|Talking on a phone in the car has come a long way|
I’m not a kid anymore.
That concept got reinforced on Tuesday when I learned that Illinois state Senate President John Cullerton, D-Chicago, talked of the chances of banning cellular telephones outright in automobiles.
FOR THE RECORD, Cullerton says he does not expect that to happen anytime soon. Although he won’t be surprised if it is an issue that the Illinois General Assembly will someday take up.
When it does, we’re in for a serious battle of the generations. I couldn’t help but notice in the couple of hours after stories started cropping up on the Internet about Cullerton’s comments, one anonymous person went so far as to characterize a ban on cellphones while driving as being the same as banning breathing while driving.
To me, that is pure nonsense.
In fact, to me, the idea of not using a cellphone while in the car makes all the sense in the world – particularly since I have noticed the number of times that drivers who were busy yakking away on their hand-held communications devices weren’t paying attention and would have hit me had I not managed to engage in a sudden maneuver.
AS FAR AS I’m concerned, I actually have one of those devices in my own car that lets me talk on my cellular telephone without holding it in my hands (it was a birthday gift from my brother a couple of years ago).
Yet I rarely use it, preferring to ignore most calls to me while driving (I call them back once I get to where I’m going).
|CULLERTON: Predicting cellphone fate?|
On those rare occasions when it is someone whom I do need to talk to, right there and then, I pull over to the side of the road and stop (which led to one recent story I reported, in part, for an area newspaper from the side of Interstate 80 just outside of Joliet), then talk.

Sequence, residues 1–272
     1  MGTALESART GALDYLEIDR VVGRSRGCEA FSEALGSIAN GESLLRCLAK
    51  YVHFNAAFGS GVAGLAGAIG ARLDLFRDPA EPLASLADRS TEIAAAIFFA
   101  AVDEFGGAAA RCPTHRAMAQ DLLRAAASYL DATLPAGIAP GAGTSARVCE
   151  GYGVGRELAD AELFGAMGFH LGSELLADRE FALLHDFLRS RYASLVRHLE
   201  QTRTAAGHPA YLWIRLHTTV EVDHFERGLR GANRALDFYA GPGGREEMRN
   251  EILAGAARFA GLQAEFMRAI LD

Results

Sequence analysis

In short, I will have no problem complying with the idea that using a cellular phone in the car is absurd.
BUT I CAN also tell that this will be a generational thing. There will be the younger crowd that just won’t get it. They’re going to be prepared to fight and shout and scream that it is their “constitutional right” to talk on the phone, or use it to send text messages, or whatever, at whenever the urge strikes them.
It is something I have noticed with my oldest nephew, who is 17. That kid spends a lot of his time locked up in his bedroom. If one didn’t know better, they’d think he was some sort of anti-social, serial killer-the-making, plotting some diabolical scheme all by himself.
Actually, he’s texting constantly with his friends, who are all scattered at their own homes. They’re in constant contact with each other at all times, able to engage in friendly banter and sarcastic wisecracking – just like we all do in groups of REAL people.
I’ve even noticed on those occasions when he comes out of the room, with the texting still going. He even texts during meals. Or tries to, anyway.
IT SEEMS LIKE holiday celebrations lately have turned into my father (my nephew’s grandfather) berating him for texting while eating.
My point is that I doubt my nephew is alone. There are going to be a lot of people who are going to think that this is some sort of serious intrusion on their personal lives by telling them where their cellular telephones can (and cannot) be used.
Even though personally, I consider the cellular telephone itself to be the serious intrusion on my own personal life. As though some people think they have the right to speak to me whenever it is to their convenience.
It’s not like we haven’t had similar situations in the past.
I CAN RECALL just over a decade ago when the Illinois General Assembly passed bills that placed restrictions on where, in public, people can use laser pointers.
We got to hear legislators get all indignant about people imposing their own warped sensibilities on all of us (I still remember the tale of a person who was using his pointer in a movie theater to show his friends all the traces of nipples and genitalia on the screen).
Then later, I got to hear from people who said that laser pointers are “fun” and that someone who can’t stand having a private part or two pointed out should learn to “lighten up.” I will be curious to see how this issue (which has been recommended nationally by the National Transportation Safety Board) plays out in coming years, although nine states already have such cellphone bans.
Are we going to hear some variation on “lighten up” in defense of cellphones in the cars? Have I really become the grouchy old man because I can side with such a ban?